Because I live in Los Angeles, California, I spend a lot of time during the baseball season at Dodger Stadium. An interesting thing happens at Dodger Stadium that doesn’t happen at any other Major League ballpark. Well, a lot of things happen at Dodger Stadium that don’t happen at any other Major League ballpark. For instance, attempted homicide in the parking lot.
But what I’m referring to in this entry is that every time a fly ball is hit in Dodger Stadium, everyone stands up and cranes their neck to watch the ball’s flight. Well, not everyone. 40% of the Dodger Stadium crowd is, at any given point during a game, fixated on one of three hundred beach balls being batted around the stadium (they are not all fixated on this because they enjoy it; it’s also a legitimate safety concern for fans of visiting teams. I’ve been the victim of attempted beach ball assault on more than one occasion). But of the remaining 60%, a very large number stand up to watch every fly ball.
Every fly ball. It could be a pop-up to the catcher behind the plate. People will stand up. It could be a long, graceful foul ball that lands somewhere near Vin Scully. People will stand up. It could be a high, looping fly-out to the shortstop. People will stand up. People will stand up because in a city like Los Angeles, at any given time, there are fifty-seven things more interesting than watching the Dodgers. But even in a city like Los Angeles, home runs are one thing people understand and want to see.
What makes this behavior particularly odd is that fly balls don’t generally turn into home runs at Dodger Stadium. In 2012, 1.56 home runs per game were hit in Dodger Stadium. That’s the sixth-least of any stadium in Major League Baseball. In fact, every year since 2006 – when the ESPN Home Run Tracker was created – Dodger Stadium has been ranked as one of the top ten home run-suppressing stadiums in baseball.
Minute Maid Park, of course, has the opposite reputation. It’s known as a hitter-friendly park. One that encourages home runs. At least, that’s the reputation.
But in looking at the Home Run Tracker, something interesting pops up. Though it’s true that from 2006 – 2008, Minute Maid Park ranked among the top ten parks in home run rate, since then it has normalized, and in fact it’s currently listed as a fairly neutral park. In fact, the hitter’s advantage that MMP has been known for since its inaugural season of 2000 may not be such an advantage, after all.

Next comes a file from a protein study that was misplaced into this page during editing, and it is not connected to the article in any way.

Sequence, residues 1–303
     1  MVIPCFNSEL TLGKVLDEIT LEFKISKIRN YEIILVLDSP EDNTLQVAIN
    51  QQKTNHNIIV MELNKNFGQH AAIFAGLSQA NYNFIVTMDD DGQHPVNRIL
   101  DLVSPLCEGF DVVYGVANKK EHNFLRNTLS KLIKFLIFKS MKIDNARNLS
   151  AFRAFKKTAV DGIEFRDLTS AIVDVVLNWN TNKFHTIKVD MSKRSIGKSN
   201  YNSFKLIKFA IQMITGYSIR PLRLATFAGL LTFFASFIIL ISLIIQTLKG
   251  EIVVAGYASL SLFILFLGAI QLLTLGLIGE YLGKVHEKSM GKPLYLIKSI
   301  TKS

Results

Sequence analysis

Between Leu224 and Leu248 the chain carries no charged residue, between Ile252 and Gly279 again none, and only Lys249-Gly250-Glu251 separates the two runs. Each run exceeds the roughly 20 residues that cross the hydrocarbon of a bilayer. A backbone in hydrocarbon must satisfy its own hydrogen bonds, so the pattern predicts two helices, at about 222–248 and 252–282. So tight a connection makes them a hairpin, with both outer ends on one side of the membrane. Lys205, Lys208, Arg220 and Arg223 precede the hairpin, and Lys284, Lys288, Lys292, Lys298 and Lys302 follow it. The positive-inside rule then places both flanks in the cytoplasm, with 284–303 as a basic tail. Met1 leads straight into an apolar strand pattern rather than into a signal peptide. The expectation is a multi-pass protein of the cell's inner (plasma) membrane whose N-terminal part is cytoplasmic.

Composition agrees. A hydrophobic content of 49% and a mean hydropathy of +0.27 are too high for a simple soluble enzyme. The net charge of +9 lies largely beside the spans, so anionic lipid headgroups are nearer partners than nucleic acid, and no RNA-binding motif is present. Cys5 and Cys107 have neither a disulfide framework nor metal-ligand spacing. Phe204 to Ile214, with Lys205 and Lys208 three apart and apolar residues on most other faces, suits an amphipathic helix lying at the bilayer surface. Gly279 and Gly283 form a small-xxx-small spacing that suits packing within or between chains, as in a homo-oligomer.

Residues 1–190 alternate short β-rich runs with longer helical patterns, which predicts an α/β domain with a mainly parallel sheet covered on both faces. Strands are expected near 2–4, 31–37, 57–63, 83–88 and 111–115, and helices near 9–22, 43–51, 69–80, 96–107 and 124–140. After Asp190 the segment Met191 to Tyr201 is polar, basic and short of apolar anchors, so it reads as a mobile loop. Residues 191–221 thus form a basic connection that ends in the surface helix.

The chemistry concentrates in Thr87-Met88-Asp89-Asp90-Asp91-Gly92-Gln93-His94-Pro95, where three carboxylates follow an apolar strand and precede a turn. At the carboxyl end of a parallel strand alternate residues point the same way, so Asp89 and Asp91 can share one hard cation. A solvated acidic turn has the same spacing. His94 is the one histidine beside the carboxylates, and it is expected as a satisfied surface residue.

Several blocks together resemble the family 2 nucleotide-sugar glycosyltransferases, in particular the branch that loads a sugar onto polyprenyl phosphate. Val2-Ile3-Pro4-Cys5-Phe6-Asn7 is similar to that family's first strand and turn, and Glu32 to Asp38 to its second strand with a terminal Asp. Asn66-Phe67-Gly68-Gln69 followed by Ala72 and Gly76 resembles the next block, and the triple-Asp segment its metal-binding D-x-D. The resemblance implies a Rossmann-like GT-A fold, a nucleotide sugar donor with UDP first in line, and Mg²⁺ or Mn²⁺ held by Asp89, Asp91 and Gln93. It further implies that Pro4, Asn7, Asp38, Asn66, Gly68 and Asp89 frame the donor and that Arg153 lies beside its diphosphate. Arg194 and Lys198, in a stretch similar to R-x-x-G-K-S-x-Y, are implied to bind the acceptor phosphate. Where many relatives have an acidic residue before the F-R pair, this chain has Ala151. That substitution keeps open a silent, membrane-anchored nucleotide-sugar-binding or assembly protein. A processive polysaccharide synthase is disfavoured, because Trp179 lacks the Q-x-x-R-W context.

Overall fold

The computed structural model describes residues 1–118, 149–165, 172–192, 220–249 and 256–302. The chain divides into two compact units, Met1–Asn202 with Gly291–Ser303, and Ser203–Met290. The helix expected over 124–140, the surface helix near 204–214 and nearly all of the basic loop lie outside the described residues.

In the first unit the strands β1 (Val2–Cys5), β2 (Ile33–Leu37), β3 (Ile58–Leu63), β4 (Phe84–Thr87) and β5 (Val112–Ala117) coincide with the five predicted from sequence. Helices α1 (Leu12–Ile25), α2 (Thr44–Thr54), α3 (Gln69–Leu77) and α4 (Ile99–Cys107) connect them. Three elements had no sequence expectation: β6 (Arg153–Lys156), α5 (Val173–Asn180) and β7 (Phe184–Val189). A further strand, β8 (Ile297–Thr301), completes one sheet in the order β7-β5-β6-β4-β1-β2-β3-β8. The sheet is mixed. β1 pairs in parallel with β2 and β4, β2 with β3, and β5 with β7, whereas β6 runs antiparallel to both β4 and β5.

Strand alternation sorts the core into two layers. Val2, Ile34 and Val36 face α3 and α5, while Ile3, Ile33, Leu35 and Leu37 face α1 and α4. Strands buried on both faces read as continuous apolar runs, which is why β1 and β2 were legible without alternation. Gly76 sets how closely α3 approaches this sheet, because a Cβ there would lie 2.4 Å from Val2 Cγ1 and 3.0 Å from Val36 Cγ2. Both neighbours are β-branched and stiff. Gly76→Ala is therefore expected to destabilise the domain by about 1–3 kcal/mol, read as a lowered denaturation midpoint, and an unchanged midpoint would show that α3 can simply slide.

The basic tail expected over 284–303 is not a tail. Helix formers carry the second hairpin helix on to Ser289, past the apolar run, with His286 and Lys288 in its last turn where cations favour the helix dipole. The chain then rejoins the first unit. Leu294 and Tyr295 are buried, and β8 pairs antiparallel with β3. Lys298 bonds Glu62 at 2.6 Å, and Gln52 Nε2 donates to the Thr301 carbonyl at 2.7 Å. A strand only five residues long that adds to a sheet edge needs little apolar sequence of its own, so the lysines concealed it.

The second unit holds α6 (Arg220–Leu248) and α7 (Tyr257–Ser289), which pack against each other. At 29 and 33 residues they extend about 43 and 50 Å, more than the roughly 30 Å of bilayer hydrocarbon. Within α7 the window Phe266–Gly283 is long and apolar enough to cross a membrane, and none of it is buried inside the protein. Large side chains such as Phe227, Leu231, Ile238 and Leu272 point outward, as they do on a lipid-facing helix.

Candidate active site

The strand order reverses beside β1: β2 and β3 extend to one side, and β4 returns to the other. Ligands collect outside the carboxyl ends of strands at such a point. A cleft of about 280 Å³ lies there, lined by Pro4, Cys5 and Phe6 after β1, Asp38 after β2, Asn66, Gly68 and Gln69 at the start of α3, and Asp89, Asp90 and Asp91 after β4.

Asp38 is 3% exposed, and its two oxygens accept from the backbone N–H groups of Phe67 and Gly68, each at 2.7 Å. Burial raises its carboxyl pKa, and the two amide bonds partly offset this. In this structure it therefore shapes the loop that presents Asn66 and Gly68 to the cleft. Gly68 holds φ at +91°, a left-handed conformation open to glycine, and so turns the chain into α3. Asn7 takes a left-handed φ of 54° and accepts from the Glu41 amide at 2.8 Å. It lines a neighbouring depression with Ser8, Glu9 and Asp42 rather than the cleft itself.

Minute Maid Park Park Factors By Year (Batting)
After four seasons, Minute Maid Park stabilized and has been more or less a neutral park ever since. But whatever the offensive environment in Minute Maid Park, it’s been more or less understood that it allows more home runs – and fewer beach balls – than Dodger Stadium. Since 2006, an average of .43 fewer home runs a game per season. Over 81 home games, that’s almost 35 fewer home runs per season.
Which makes it even more puzzling what happened in 2010. In 2010, Minute Maid Park allowed just 1.59 home runs per game. Dodger Stadium allowed 1.62. One’s first instinct is to write this off as a bad offensive team, which isn’t entirely untrue, but remember that this covers visiting teams, as well. And as you can see, visiting teams didn’t exactly knock the ball out of Minute Maid Park, either (I include the Astros’ road splits for context):
|Year||Home SLG||Road SLG||Visitors SLG|
Astros’ hitters lost 43 points of SLG from 2009-2010 at Minute Maid Park, compared to 34 on the road. But visiting hitters lost 44 points themselves, only to completely rebound the following season.
A look at GB/FB rates doesn’t provide any answers:
|Year||GB/FB||Home GB/FB||Visitors GB/FB|
Looking at home runs per fly ball yields some interesting results, however.
|Year||HR/FB||Home HR/FB||Visitors HR/FB|
The Astros’ HR/FB rates tumbled in 2010 – down 2.4% from 2009 overall, but actually up almost 2% at home. Conversely, however, visitors in Minute Maid Park only saw 8.4% of their fly balls leave the yard – a 2.7% reduction.
So what happened in 2010 that kept fly balls from leaving the stadium, for both the visitors and for the home team? I don’t see any evidence of a physical change that the stadium encountered that would have resulted in this.
One possible theory I can come up with is that Prince Fielder – who crushed the ball in Minute Maid Park – had a down year in 2010. Fielder slugged just .200 in Minute Maid Park in that season, far down from his career .627 (not a typo) slugging percentage there. Is it possible that his power slump in Houston was able to change the run environment that much? It seems unlikely. But something happened that year.